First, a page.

The former FARC commanders announced their call to arms in a 32-minute video. The men, dressed in camouflage and carrying rifles, blamed their decision on President Iván Duque’s failure to properly implement the peace deal and to prevent a wave of violence that has cost the lives of at least 137 ex-combatants and 738 social leaders. But the announcement was not met with immediate support. Rodrigo Londoño, head of the FARC political party, rejected his former comrades’ decision and reminded the country that this group represented only a tiny sliver of the 13,000 ex-combatants. The majority —about 90%, according to a government poll published earlier this year— remained committed to peace.

“We’re here and we will continue to be here, defending the peace accord and fighting peacefully, with an increasingly large sector of compatriots, for its comprehensive implementation,” Londoño told Semana magazine.

Ariel Ávila, deputy director of the Peace and Reconciliation Foundation, said that the rearmament didn’t mean the end of the peace deal nor signal that the rest of the demobilized guerrilla would abandon the peace process. That approximately 1,800 out of 13,000 ex-combatants rearmed is relatively normal for a peace process, but he warned that Márquez’s announcement could lure ex-combatants to join his group. The new group led by Márquez could expand by drawing manpower from 16 of the 23 dissident FARC groups that already exist and potentially sway other ex-combatants to abandon the peace process. This is more likely to happen in volatile areas where illegal armed groups have moved following the demobilization of the FARC, Avila said.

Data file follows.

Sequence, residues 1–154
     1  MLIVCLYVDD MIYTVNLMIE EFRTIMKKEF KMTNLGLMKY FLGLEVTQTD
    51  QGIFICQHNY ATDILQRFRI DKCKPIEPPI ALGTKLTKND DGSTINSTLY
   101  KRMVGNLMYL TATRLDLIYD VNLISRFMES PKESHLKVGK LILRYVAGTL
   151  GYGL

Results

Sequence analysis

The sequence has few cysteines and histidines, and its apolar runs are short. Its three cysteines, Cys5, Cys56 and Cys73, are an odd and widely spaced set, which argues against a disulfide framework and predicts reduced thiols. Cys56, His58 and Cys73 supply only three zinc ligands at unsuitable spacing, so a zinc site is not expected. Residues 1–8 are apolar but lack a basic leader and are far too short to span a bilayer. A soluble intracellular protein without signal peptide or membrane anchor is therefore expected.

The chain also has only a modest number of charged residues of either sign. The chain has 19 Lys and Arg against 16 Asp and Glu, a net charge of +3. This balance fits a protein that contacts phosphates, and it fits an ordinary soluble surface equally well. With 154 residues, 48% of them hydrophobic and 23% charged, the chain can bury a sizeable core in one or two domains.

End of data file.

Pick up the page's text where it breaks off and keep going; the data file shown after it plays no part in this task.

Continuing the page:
Threats of violence against ex-combatants could provoke some to flee for the jungles and rearm. But there are other factors that could make ex-combatants lose faith in the peace process and rearm. The government has been slow to implement important aspects of the reintegration process, including effective security measures for ex-combatants. Former rebels also need government support for economic projects and guarantees for legal security to successfully transition into civilian life.

“If ex-combatants are being killed, they’re in jail, they don’t have economic projects, an announcement like that of Iván Márquez causes people to think, ‘As a lawful citizen, I don’t have anything, so I prefer to rearm,’” Ávila said, adding that progress on this issue depends on how the government decides to move forward.

Ex-combatants rent lands next to the reintegration camp to grow crops, such as peas and beans. (Photo by Christina Noriega)

In response to Márquez’s announcement, Duque offered a 3-billion-peso reward (approximately $888,000) for information on any of the rebels who appeared in the video and ordered the creation of a special unit for their search and capture. He also affirmed his administration’s commitment to the reintegration of ex-combatants.

But Beltrán, who is struggling to keep afloat his clothing-manufacturing cooperative, insisted that the government is failing to fulfill its pledge to support their reintegration. Instead of designating billions of pesos to capture those who already left the peace process, he suggested that these public resources be spent to buy lands for ex-combatants and to help fund their business projects that would afford them economic stability.